One of the things I’m pleased that today’s ministerial students are trained in that I wasn’t is in handling conflict. You would think that a college training ministers would include that one, knowing the level of disagreement and outright argument that happens in churches, but it didn’t happen in my time. It’s all very well coming up with pious desires that there should be no conflict in the church, but the reality is that it does happen and it needs addressing. The New Testament calls Christians to be of one mind and purpose, but we clash because we have different interests, different perspectives, different gifts, different personalities … and because, frankly, we are all sinners.
That’s why we are going to spend quite a while examining the theme of conflict. We might like to pretend it doesn’t happen here, but it does. We might think it shouldn’t occur, but it still does. And having had the privilege last September of going away on a week’s training course with an organisation called Bridge Builders that specialises in ‘conflict transformation’, I am using some material from them as the basis for this series. Explicitly, the material for this series comes from a group of Mennonite Christians – a tradition that specialises in peace and reconciliation. It is centred on a group of twelve commitments they made in their understanding of conflict and faith.
We begin with this week with the need to accept conflict. And we take this chunk from Paul’s Letter to the Romans, which describes, in Tom Wright’s words,
‘the mutual welcome which … is the concrete, bodily form which ‘forgiveness’ is supposed to take in the present time.’
In other words, this is what the forgiven life in the family of God looks like. It is very much about what we do to avoid unnecessary conflict. We accept that conflict happens, because we are different and fallible human beings, but it is possible in the church to major on minors, and Paul gives us principles to hold us together in the face of our real differences.
Firstly, Paul calls us to accept one another:
Accept the one whose faith is weak, without quarrelling over disputable matters. (14:1)
He gives two examples of conflict, one about food and one about holy days. Carnivores such as me might be amused to read of him saying that those who only eat vegetables have weak faith (14:2), but this is not a dispute about vegetarianism. It is about a debate that ran not just in Rome among the Christians, but also among the disciples at Corinth. It was about a prevalent issue of that time: meat sacrificed to idols. Generally, the meat you bought in the market had already been offered as a sacrifice at a pagan temple. Some Christians felt ‘strong’ about this and said, “It’s all right, the idols are really nothing at all, so although I wouldn’t worship them, there is nothing to worry about here, I’ll eat the meat.” But others said, “There are demons behind the idols at the pagan temples. I want nothing to do with that, so I will not eat meat.” Both in their way are respectable Christian approaches to the problem. Both reflect the desire to serve the Lord, as Paul goes on to observe (14:3-4, 6b-9).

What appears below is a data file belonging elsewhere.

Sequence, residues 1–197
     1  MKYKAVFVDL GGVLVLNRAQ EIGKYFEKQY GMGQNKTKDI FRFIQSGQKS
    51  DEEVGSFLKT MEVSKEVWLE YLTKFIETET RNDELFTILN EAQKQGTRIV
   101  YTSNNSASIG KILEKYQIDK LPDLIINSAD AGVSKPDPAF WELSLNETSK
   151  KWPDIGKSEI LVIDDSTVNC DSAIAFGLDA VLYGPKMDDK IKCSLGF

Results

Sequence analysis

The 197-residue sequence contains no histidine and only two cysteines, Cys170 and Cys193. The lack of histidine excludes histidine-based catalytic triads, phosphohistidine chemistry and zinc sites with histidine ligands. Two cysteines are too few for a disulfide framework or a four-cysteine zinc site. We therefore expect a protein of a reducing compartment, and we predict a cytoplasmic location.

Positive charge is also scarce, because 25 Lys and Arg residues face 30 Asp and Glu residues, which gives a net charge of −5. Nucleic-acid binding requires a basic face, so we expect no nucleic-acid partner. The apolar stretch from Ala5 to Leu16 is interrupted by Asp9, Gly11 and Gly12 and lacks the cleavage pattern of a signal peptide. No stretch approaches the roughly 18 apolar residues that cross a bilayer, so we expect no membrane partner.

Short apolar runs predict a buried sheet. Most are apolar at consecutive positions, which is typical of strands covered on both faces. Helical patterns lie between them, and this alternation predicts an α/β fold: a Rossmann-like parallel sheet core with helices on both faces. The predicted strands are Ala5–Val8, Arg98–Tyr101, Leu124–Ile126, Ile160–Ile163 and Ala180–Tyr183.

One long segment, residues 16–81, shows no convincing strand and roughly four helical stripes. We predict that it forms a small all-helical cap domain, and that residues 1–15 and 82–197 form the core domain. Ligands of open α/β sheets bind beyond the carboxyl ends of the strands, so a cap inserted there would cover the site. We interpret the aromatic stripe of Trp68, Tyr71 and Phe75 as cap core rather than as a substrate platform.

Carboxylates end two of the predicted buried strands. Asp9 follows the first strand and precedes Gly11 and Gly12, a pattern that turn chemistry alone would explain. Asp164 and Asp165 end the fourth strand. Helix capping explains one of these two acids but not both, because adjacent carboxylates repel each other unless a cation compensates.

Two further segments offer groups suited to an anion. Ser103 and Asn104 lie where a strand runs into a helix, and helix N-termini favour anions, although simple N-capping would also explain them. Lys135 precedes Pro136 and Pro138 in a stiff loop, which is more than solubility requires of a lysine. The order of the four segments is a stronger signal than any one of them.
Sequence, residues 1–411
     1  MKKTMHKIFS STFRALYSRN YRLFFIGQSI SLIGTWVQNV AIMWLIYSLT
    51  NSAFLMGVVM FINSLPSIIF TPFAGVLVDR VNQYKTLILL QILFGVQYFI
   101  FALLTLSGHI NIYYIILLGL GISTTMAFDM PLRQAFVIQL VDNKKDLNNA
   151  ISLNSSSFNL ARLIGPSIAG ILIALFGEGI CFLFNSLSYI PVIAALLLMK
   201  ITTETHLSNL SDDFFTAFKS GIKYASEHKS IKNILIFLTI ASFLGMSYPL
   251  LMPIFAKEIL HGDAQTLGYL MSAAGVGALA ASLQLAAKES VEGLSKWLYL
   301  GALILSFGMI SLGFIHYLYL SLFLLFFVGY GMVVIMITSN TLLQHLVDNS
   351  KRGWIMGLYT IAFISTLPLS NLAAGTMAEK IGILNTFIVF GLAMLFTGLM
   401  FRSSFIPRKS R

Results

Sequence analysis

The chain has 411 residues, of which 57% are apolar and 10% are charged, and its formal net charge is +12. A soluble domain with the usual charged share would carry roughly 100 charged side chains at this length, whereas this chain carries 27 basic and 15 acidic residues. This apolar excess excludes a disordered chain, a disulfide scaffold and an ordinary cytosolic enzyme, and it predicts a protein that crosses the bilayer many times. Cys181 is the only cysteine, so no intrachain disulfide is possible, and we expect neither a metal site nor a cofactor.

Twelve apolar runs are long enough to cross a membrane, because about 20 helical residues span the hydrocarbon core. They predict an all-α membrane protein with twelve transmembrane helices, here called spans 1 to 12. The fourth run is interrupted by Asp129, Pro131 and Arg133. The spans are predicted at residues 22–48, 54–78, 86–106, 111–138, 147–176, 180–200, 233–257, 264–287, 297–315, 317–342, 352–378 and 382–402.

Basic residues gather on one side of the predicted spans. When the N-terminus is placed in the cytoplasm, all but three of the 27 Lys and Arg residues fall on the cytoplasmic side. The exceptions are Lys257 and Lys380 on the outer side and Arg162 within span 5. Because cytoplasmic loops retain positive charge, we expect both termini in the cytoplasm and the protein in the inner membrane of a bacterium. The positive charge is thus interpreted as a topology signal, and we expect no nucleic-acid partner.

And if that is the case, the different sides had no business in showing contempt for, or looking down upon, those they disagreed with. Whether to eat meat or to abstain, all sides were servants of Christ. Anything that elevates itself over the common commitment to serving Jesus Christ and divides us off from each other in doing that is not the work of God, but of the enemy.
Perhaps it’s easier to understand in our context when we look at Paul’s other example here, where some keep a calendar of holy days, and others treat all days as the same. It’s like those who keep saints’ days, all the Christian festivals, and follow the Lectionary on the one hand, and those who find none of that helpful. At the more extreme ends, it’s like holding Catholics and Baptists together, but you don’t have to go as far apart as that. Methodist to Baptist would do. Indeed, before she met me, Debbie didn’t even know what Lent was, because it was never marked in her home church. But would it be right for us to unchurch them or them to unchurch us? Of course not! It’s therefore wonderful to live in a village where the Baptists, Methodists, Anglicans and Catholics can run an Alpha Course together.